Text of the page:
Abortions in the state of Indiana dropped five percent in 2010, according to a new report from the state health department, which puts them at their lowest levels since 1977.
Newly-released abortion data from the Indiana State Department of Health reveals Indiana’s abortion rate dropped to a 33-year low in 2010 as a result of a 5% drop in abortions from 2009 to 2010. There were 10,031 unborn children victimized by abortions in 2010, a decrease of 526 from the previous year.
The statistics are included in the Indiana Induced Termination of Pregnancy Report for 2010 and are the most current available for Indiana. They reveal Indiana’s abortion rate has now dropped over 8% since 2008 and has fallen nearly 40% from Indiana’s highest annual abortion rate of 16,505 in 1980.
The new information, provided to LifeNews by Indiana Right to Life, shows that, while the overall abortion rate is dropping, the 2010 abortion statistics expose a startling rise in the use of the dangerous abortion drug RU 486. According to the 2010 statistics, the number of abortions involving mifepristone climbed 35% between 2009 and 2010 accounting for 1,968 abortions.
Mike Fichter, the president of Indiana Right to Life, says that marks an accelerated spike in abortion drug rates that have more than doubled since 2005. Nearly one in five abortions in Indiana is now one using the drug that has killed dozens of women and injured thousands more.
“We are pleased that Indiana’s abortion rate continues to fall, but at the same time we know that it’s not falling fast enough for the over ten thousand children who are still dismembered in Indiana abortion clinics and discarded with surgical waste each year,” Fichter said. “We are shocked by the rapid increase in the use of chemical abortifacients that are largely unregulated. This is an alarming trend that the Indiana legislature must address.”
Fichter believes the decline in Indiana’s abortion rate is due to a variety of factors, including pro-life policies passed by the Indiana legislature, expanded efforts by Indiana crisis pregnancy centers to provide alternatives to abortion, and a growing awareness of the humanity of the unborn child through technology such as ultrasound. He also believes high school and college students are coming to the pro-life movement in unprecedented numbers and are helping abortion-vulnerable peers to choose life when experiencing a crisis pregnancy.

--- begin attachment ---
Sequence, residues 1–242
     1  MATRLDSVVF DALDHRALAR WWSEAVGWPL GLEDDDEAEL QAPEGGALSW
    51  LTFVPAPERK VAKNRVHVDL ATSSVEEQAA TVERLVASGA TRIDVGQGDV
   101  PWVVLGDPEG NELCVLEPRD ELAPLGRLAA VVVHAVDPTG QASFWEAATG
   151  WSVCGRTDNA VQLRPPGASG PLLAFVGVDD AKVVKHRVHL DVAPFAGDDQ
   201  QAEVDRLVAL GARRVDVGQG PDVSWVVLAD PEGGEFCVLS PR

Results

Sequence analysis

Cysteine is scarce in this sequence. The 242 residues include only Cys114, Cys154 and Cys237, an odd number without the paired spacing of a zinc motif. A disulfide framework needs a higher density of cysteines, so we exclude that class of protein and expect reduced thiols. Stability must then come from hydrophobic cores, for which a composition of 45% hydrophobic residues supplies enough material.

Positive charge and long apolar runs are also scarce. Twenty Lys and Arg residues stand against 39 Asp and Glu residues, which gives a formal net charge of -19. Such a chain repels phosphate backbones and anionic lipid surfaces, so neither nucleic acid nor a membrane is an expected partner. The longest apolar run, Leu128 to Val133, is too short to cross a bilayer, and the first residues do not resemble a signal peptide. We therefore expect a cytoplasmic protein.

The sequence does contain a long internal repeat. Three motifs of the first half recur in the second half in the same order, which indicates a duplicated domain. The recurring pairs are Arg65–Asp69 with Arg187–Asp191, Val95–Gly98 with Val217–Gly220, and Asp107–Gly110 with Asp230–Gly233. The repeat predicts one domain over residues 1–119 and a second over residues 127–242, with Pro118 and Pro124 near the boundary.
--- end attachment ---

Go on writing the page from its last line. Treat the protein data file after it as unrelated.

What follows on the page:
Fichter also notes that the full impact of the sweeping pro-life provisions passed by the Indiana legislature in 2011 will not be reflected in Indiana statistics until the 2012 data is reported — meaning the number of abortions will likely be driven down further.
“We’re on the right track in Indiana,” says Fichter. “This most recent decline will energize and motivate Indiana’s pro-life community to work even harder to bring about the day when abortion is a sad and tragic memory of the past.”
In January 2008, RU 486 maker Danco Laboratories announced approximately 13 percent of all abortions in the United States involved mifepristone — a number that may seem low but it is double the number of women who used the abortion drug in 2001.
The report also showed 57 percent of places that did abortions have the abortion drug, compared with just 33 percent in 2001. Ultimately, Danco indicated that 840,000 women in the United States have had abortions with its dangerous drug – a number that is very likely over one million in the two and a half years that have passed.
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With the drug having killed dozens of women worldwide and injured more than 2,200 alone in the United States, according to April 2011 FDA figures, pro-life groups have been concerned about Planned Parenthood putting women’s health at risk.
RU 486 and its companion drug are administered between the fifth and ninth weeks of pregnancy, after pregnancy has been confirmed and the process typically involves three trips to a doctor. About half of the women abort while at the doctor’s office, with another 26 percent having an abortion within the next 20 hours at any location at home or in public. The remainder either have an abortion in the coming weeks or none at all if the drug fails to work — making it so a surgical abortion is required.
Through April, the FDA reports 2,207 adverse events related to the use of RU 486, including 14 deaths, 612 hospitalizations, 58 ectopic pregnancies, 339 blood transfusions, and 256 cases of infections in the United States alone. A European drug manufacturer has publicly stated that 28 women have died worldwide after using RU 486/mifepristone.
Last year, LifeNews.com reported about a Portuguese girl who died after an abortion with the RU 486 abortion drug caused Clostridium sordellii septic shock, the same deadly infection that caused the death of Holly Patterson and other women in the U.S. In March new information showed the first woman in Australia died from a lethal infection contracted after using the deadly RU 486 abortion drug.